The strange and rather spontaneous invention first made an appearance in California in the 50ies. No one knows who made the prototype as it seems several people had the same idea simultaneously. What is known though, is that the thought came about when surfers wondered if they could bring their sport to the streets. The first skateboards were made from wooden boxes with the wheels of roller skates stuck underneath. This was a painful birth of a game that has broken many a bone over the centuries. As time went by the boxes, lost their sides and the boarders would skate on just the bottom plank. This was a fun way to kill time after a day spent surfing. Companies seeing a gap in the market produced boards of pressed wood. This evolved to the skateboards of today.
Skateboarding skyrocketed in popularity when large companies began sponsoring competitions. There wasn’t much to behold as the style was mainly downhill or freestyle. It was nothing like it is today; it was a smooth and almost graceful. Two years later skateboarding died out like a bad fad. Companies went into liquidation. If you wanted to skate, you had to make your own again. Those loyal to the sport pushed on even though finding parts was nearly impossible. In 1972 urethane wheels were invented, sparking new interest among surfers and the younger generation alike.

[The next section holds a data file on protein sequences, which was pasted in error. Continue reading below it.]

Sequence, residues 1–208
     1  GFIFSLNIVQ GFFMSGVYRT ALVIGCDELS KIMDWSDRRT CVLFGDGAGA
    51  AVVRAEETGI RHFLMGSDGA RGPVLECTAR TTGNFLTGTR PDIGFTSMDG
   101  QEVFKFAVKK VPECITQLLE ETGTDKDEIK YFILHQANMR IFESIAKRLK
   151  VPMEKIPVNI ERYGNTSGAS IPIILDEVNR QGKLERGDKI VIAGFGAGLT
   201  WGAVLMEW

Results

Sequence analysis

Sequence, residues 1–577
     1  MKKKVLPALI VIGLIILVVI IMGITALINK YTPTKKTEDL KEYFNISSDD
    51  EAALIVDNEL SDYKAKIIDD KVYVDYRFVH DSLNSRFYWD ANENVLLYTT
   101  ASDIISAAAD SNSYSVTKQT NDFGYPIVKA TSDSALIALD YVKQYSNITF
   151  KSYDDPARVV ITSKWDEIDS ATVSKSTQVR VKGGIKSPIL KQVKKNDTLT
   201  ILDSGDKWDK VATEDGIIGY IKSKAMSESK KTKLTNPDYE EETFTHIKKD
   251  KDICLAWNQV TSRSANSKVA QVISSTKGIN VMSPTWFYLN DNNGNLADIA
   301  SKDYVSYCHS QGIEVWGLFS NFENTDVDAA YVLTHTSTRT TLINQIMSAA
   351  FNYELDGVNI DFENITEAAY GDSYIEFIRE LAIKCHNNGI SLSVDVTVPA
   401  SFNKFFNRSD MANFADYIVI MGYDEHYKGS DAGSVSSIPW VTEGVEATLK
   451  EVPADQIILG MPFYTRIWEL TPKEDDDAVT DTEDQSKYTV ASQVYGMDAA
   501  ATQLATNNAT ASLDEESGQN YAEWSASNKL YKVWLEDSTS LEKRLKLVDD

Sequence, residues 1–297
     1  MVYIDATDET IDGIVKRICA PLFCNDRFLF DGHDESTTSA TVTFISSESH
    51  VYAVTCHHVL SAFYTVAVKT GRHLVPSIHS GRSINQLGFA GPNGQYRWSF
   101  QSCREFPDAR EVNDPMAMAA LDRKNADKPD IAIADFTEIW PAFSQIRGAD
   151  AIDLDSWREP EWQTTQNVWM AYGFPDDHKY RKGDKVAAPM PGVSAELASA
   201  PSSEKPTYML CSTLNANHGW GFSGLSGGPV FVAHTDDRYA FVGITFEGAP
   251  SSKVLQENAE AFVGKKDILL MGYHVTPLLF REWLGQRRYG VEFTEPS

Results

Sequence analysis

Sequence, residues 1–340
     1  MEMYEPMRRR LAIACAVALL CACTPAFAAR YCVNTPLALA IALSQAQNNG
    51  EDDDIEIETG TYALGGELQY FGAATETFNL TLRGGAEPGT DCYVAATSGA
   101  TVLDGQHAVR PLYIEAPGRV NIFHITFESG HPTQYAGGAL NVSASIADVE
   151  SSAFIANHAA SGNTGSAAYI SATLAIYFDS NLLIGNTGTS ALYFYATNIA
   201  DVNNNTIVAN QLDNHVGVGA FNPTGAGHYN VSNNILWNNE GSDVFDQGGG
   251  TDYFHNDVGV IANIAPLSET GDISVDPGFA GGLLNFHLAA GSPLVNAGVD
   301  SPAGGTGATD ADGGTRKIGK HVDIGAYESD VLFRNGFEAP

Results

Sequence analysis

The Second Breath
Come 1975, skateboarding rockets towards what we know it to be today. At a freestyle the Zephyr team took skating to a new level, showing the world a style they had never seen. The Zephyrs became known for their flat and smooth manner. Three years after the world met the Zephyrs, Alan Gelfand invented the “Ollie” a manoeuvre that gave both the skater and the board air. A Skater puts pressure on the tail the board while sliding the side of his front foot towards the nose. Near the end of the seventies, skate parks that had opened had to close their doors. Skateboarding, known as a dangerous sport, caused insurance rates to skyrocket, forcing many to turn their backs on the activity.
But the passion for the sport in the 80ies kept it alive. Skateboarders built ramps in their backyards and performed tricks on sidewalks and in parking lots, sometimes jumping walls to skate in empty swimming pools. Skateboarding had become an underground movement, giving it the law-bending stereotype it still has today. By the early 90ies skateboarding was almost wholly a street sport. During one of its popularity upswings the sports attitude rose with it, and with that, the angry misunderstood punk music which, together with skating, shaped a generation of the coolest people ever.